As I mentioned in a previous blog entry, my primary reason
for visiting Macau early this week was to check out
 
...which I was delighted to find showcased
more than one Winkipinki item! :b
 
Outside the exhibition, I also wandered around town, as is 
my inclination whenever I'm in Macau -- and this time around,
I came across the beautifully set up Lojas de Conservas store
 
As the proverbial "they" say, time flies when you're having 
fun -- and all too soon, it was nightfall in the city!
 
On my previous visit to Macau, the casino lights also had 
entranced (though not enough to induce me to venture into 
the gambling parlors to throw my money away there!)
 
And especially during the day, the territory's heritage buildings 
(like this Portuguese-style structure that's part of 
the Taipa Houses Museum) actually charm much more
 
Considerable effort as well as funds have been devoted to restoring and 
conserving historic buildings such as the Chong Sai Pharmacy 
established by Dr. Sun Yat Sen and reopened to the public in late 2016
 
A good part of Macau's allure for me involves being able to serendipitously 
come across establishments such as the picturesque Fong Da Coffeeshop 
in Taipa Village (whose brews smell wonderful and are oh so strong!) :b

Tuesday, August 15, 2017

Paradox soars when the focus is on the action but is mortally wounded by its lashings of lame melodrama (film review)

The super crowded scene at Hong Kong Station when I went to board 
the Tung Chung line train to attend a screening of Paradox! :O

No train woes for the film's director (on the far right), action director
(second from right) and stars (including Louis Koo at the far left) though!

Paradox (Hong Kong-Mainland China, 2017)
- Wilson Yip, director
- Starring: Louis Koo, Wu Yue, Tony Jaa, Gordon Lam Ka Tung, Chris Collins, Vittaya Pansingram, Ken Lo

The 2017 Summer International Film Festival got going earlier this evening with the world premiere of Wilson Yip's latest crime actioner.  Touted in the SIFF program as the third instalment of the SPL series (the second of which was largely set in Thailand and had Louis Koo and Tony Jaa in its cast, like this offering), Paradox actually comes across more for much of its running time like the Hong Kong version of the Taken movies starring Liam Neeson.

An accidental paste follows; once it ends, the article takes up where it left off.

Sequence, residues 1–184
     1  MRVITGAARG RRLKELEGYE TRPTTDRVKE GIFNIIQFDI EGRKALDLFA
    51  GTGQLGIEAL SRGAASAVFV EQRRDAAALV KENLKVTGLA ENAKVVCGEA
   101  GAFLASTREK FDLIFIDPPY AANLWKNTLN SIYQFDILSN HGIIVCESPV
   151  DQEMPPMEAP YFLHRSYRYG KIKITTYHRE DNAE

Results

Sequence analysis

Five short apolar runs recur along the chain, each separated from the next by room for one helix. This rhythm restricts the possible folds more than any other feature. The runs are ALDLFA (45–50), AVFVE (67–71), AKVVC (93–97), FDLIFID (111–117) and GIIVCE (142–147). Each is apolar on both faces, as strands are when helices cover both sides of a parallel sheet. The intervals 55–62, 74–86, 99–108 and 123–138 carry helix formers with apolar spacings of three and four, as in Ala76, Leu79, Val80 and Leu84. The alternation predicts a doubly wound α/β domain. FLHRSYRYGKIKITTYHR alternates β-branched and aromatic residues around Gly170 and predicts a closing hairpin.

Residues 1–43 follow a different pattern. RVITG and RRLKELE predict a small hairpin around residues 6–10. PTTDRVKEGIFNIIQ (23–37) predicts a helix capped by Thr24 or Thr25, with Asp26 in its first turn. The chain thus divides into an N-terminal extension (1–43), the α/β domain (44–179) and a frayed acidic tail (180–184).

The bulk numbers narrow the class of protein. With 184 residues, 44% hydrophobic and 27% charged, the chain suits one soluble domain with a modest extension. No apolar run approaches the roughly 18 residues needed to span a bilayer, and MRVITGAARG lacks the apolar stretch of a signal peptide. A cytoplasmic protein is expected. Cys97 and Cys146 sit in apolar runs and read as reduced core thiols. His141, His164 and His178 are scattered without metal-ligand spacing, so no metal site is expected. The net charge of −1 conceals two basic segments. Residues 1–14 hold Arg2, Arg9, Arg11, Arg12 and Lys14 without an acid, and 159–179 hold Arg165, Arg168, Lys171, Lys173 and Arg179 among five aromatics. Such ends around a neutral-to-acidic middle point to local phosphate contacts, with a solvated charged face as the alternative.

Although I'm most definitely not a fan of film remakes or rip-offs, I found myself wishing during the last 20 minutes or so of Paradox that its makers had cleaved more to the tried and true Taken formula involving a father (played in this instance by Louis Koo) desperately trying to rescue his abducted daughter.   Actually, I also got to badly wanting the movie to end some 20 minutes earlier than it actually ended doing.  

That way, viewers would have been spared having to sit through an ultra melodramatic scene that was more lame and laughable than moving -- though, given the dubious judgement of the voters for the Hong Kong Film Awards, I'm sure it will be what clinches Louis Koo the Best Actor prize next year.  And if you think that's bad (enough), even worse is a coda that clearly was intended to milk further emotions but only got me extremely upset at how physical considerations as well as plot logic got thrown out of the window for it to take place the way that it did.   

To be fair, one reason why I felt so frustrated at how terrible Paradox turned out to be when coming down the home stretch was because it actually had quite a few things going for it before it jumped the shark and went downhill with a vengeance.  In particular, Sammo Hung's action direction and Kenny Tse's cinematography are absolutely stellar to the point where what otherwise could have been rather standard chase scenes got freshened up with innovative touches and Louis Koo got made to look like he belonged in an action movie as much as the proven likes of Tony Jaa.

Another visual plus comes by way of the film being mainly set in Pattaya, Thailand -- though, paradoxically, the choice of setting also gets the ball rolling in terms of the "stretch the limits of credulity" game in that there's a surprisingly large number of Cantonese speaking Thais among the southern Thai city's police force (including the characters played by Wu Yue and Ken Lo), prostitutes and even political advisors (with Gordon Lam excelling once more as an oily villain, even while actually mouthing quite a number of lines in Thai). Either that or the Hong Kong policeman who flies to Thailand after his teenaged daughter goes missing while visiting a friend working as a tattoo artist there is remarkly fortuitous at rooting out such individuals -- a couple of whom become his allies, and others his enemies.  

The fact that his daughter was in Thailand in the first place ends up causing the cop much angst.  Added emotional baggage comes by way of his being a widower who's raised his daughter pretty much single-handedly ever since his wife was killed in a car accident some years back.  But while scriptwriter Jill Leung did also seek to give one of the Cantonese-speaking Thai policemen an engaging back story, pretty much every other character in the movie are mere ciphers -- even that played by Thai action superstar Tony Jaa (who, not incidentally, is tragically under-utilized in this film, as is Ken Lo; particularly when considering that Paradox is an action movie featuring sackloads of unarmed combat).